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Series / The Story of Tracy Beaker

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A BBC children's programme that aired from 2002 to 2005, it is based on the popular books written by Jacqueline Wilson. The story revolves around the titular character of Tracy Beaker who lives in a care home and the events that follow. Most of the episodes revolve around Tracy fantasizing about the day her biological mother will come for her, as well as trying to find the perfect foster home in the meantime.

The show lasted for 5 seasons and was followed by a sequel, Tracy Beaker Returns, focusing on Tracy as a young adult, along with a spin-off, The Dumping Ground, showing the events of the characters in the care home after Tracy left. In 2021, Dani Harmer reprised the role in the miniseries My Mum, Tracy Beaker and The Beaker Girls.


Tropes that are in this series:

  • Abusive Parents: Crash's father Theo is revealed to be in prison for domestic abuse against his wife and son, which is why Crash is in care and has a violent temper. It's implied he still keeps in touch with his mother, who may possibly be in witness protection.
    • Theo is later released from prison and although Crash is terrified of meeting with him again at first, the two gradually reconcile.
  • Aerith and Bob: Bouncer, Lol, Crash, Wolfie and Duke... and every other name, though they are nicknames.
  • Alpha Bitch: Justine, Amber, Rebecca, Roxy, though all of them are good in heart.
  • Anti-Role Model: One episode had Tracy convincing Marco, Hayley and Dolly to form a "Tracy Beaker" club, which causes them to play pranks around the house and almost ruin Dolly's chance to be fostered. In the end, Tracy herself acknowledged how bad of a role-model she was to the younger kids, and explained that they were good at heart.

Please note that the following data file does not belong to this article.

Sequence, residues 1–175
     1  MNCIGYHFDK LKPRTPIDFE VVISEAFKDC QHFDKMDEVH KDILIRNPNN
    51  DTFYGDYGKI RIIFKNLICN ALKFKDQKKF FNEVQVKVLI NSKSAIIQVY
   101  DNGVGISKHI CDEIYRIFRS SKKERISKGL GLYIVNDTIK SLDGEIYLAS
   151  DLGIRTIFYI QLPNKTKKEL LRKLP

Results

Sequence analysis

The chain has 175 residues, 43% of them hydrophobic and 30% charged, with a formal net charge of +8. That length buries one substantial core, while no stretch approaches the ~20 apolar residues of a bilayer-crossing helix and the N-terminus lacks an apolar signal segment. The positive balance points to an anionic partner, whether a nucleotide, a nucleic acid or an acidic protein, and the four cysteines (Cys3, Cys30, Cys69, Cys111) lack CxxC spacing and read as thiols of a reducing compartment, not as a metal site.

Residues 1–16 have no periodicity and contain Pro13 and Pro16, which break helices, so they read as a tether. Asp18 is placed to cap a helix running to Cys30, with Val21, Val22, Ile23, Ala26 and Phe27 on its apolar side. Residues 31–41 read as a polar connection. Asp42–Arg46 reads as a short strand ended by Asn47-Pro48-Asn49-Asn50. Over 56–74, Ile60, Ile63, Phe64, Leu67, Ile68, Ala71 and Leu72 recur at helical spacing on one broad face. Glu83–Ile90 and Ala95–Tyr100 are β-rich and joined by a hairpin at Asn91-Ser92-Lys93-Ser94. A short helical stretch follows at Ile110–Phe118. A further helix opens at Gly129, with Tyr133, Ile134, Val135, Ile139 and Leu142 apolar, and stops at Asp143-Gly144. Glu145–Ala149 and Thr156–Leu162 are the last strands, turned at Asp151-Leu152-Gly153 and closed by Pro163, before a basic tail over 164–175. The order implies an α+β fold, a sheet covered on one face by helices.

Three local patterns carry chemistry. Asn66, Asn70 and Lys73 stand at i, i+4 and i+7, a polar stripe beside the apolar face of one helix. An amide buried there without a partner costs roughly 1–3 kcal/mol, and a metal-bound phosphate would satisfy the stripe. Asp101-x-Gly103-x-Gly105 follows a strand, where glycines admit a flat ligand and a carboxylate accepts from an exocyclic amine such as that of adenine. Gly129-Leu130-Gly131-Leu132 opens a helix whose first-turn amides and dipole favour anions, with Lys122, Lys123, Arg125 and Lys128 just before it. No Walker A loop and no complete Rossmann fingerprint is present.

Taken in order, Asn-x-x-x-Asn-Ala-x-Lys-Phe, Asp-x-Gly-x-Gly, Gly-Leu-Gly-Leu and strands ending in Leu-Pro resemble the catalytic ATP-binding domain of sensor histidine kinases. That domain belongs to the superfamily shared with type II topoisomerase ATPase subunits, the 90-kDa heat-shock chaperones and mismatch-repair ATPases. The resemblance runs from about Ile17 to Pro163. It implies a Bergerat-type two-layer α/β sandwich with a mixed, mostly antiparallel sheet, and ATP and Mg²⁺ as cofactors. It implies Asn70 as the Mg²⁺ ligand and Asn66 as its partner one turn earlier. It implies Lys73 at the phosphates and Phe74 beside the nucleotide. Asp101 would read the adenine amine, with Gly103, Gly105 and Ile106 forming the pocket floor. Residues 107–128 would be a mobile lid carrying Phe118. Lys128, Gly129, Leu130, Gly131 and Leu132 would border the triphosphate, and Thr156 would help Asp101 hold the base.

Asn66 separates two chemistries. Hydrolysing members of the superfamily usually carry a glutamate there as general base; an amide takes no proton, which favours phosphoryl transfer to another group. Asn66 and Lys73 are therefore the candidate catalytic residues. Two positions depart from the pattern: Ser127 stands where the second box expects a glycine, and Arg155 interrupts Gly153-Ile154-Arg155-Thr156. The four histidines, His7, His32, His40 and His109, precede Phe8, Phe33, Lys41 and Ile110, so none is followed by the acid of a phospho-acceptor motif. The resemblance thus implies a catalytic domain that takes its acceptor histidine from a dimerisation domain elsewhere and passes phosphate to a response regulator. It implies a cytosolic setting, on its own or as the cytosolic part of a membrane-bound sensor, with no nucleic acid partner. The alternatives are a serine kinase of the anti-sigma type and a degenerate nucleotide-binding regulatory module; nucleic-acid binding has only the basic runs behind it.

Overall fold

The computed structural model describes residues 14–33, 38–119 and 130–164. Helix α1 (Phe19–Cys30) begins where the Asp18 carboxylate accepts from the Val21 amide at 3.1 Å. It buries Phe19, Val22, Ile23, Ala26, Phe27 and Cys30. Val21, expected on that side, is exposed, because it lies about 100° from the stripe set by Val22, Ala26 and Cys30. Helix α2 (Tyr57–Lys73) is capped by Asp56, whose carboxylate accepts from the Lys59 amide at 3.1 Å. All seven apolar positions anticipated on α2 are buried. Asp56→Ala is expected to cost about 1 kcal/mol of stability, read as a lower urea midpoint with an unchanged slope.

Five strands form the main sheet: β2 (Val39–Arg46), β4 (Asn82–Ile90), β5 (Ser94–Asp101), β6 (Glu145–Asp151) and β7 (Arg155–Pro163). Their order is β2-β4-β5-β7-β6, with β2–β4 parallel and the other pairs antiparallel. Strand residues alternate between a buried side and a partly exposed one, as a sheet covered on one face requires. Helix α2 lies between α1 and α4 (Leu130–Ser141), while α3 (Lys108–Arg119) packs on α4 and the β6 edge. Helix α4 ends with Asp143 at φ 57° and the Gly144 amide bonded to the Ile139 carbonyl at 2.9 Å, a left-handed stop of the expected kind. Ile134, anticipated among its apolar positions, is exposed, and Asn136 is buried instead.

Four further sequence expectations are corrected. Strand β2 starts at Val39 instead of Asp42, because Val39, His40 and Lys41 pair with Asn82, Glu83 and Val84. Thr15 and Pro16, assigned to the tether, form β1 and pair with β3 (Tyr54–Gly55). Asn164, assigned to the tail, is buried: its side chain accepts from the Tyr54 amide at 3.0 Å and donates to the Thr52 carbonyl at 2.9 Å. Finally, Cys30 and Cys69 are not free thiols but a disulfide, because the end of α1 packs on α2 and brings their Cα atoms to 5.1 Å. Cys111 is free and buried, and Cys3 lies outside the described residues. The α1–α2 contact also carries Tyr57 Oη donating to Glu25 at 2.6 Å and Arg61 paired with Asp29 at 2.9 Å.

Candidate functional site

• Break the Haughty: Louise is a downplayed example in the episode "Power Cut". She spends the first half of the episode boasting about her new foster dad, showing off about her singing voice and generally acting the know-it-all. However, after gorging on tuna-and-peanut-butter sandwiches provided by Duke, she soon suffers an embarrassing after-effect in front of most of the kids (see Gasshole below).
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  • Butt-Monkey: Elaine, and maybe Ben.
  • Beauty, Brains, and Brawn: The Wellards: Roxy’s the brains, Chantal the beauty, and Rio is the male example of brawn.
  • Bitch in Sheep's Clothing: Louise and Justine can be examples of this when they're not being outright nasty. Rebecca also counts. To a lesser extent, this also applies to Carly Beaker - even though she looks glamorous and has a sunny demeanor, she's unreasonable, immature, shoplifts cosmetics, and holds grudges.
  • Blatant Lies: Tracy claiming to have "hayfever" any time she bursts into tears, regardless of whether it's hayfever season or whether her crying even remotely resembles hayfever.
  • Bratty Half-Pint: Tracy in her younger years. She grows somewhat out of it when she gets older.
  • Breakout Character: Mike Milligan. Even though he only appeared in Series 1, his close friendship with Tracy made fans love him so much he returned as the new cook in Series 5 and eventually became Head Care Worker. He's since gone on to become the only character from this series to appear in Tracy Beaker Returns and The Dumping Ground.
  • Cassandra Truth: Subverted. In the early seasons, Tracy frequently claims her mum is a world famous film star. When her mum shows up in the TV Movie, we discover that she is indeed an actress - albeit a not particularly well-known stunt double.
  • Catchphrase: "Bog off!" Usually spoken by Tracy when she wants to be left alone, and later used by some of the others.
  • Characterization Marches On: In Series 1, Elaine is shown to be very serious, professional, and good at her job, much like her book counterpart. From Series 2 onward, however, shows her to be very clumsy, awkward, and very incompetent at her job.
  • Christmas Episode: Subverted with "Christmas", since the episode doesn't take place around Christmas time.
  • Cool Big Sis: Tracy can be seen as this to Peter in the first series, and to Jackie from series 3 onwards, as well as to some of the other younger kids.
  • Chuck Cunningham Syndrome: Maxy, Ryan, Zac, Michael, Nathan, and Sid all disappear between seasons with no mention to their whereabouts. With the kids, it's safe to assume they've been fostered or adopted. With the care workers, they possibly were transferred to other care homes.
  • The Cutie: All the little kids like Peter, Maxy, Dolly, Layla, Hayley, Marco, Milly, and Alice.
  • Dark Reprise: Sadder moments (in particular, Tracy pining for her mother) were often underscored by a slower, more sombre piano rendition of the main theme tune.
  • Defrosting Ice King: Rio becomes this later in Series 4 and 5, where he is shown to be nicer and friendlier to the other kids, especially Crash after the two strike up a friendship.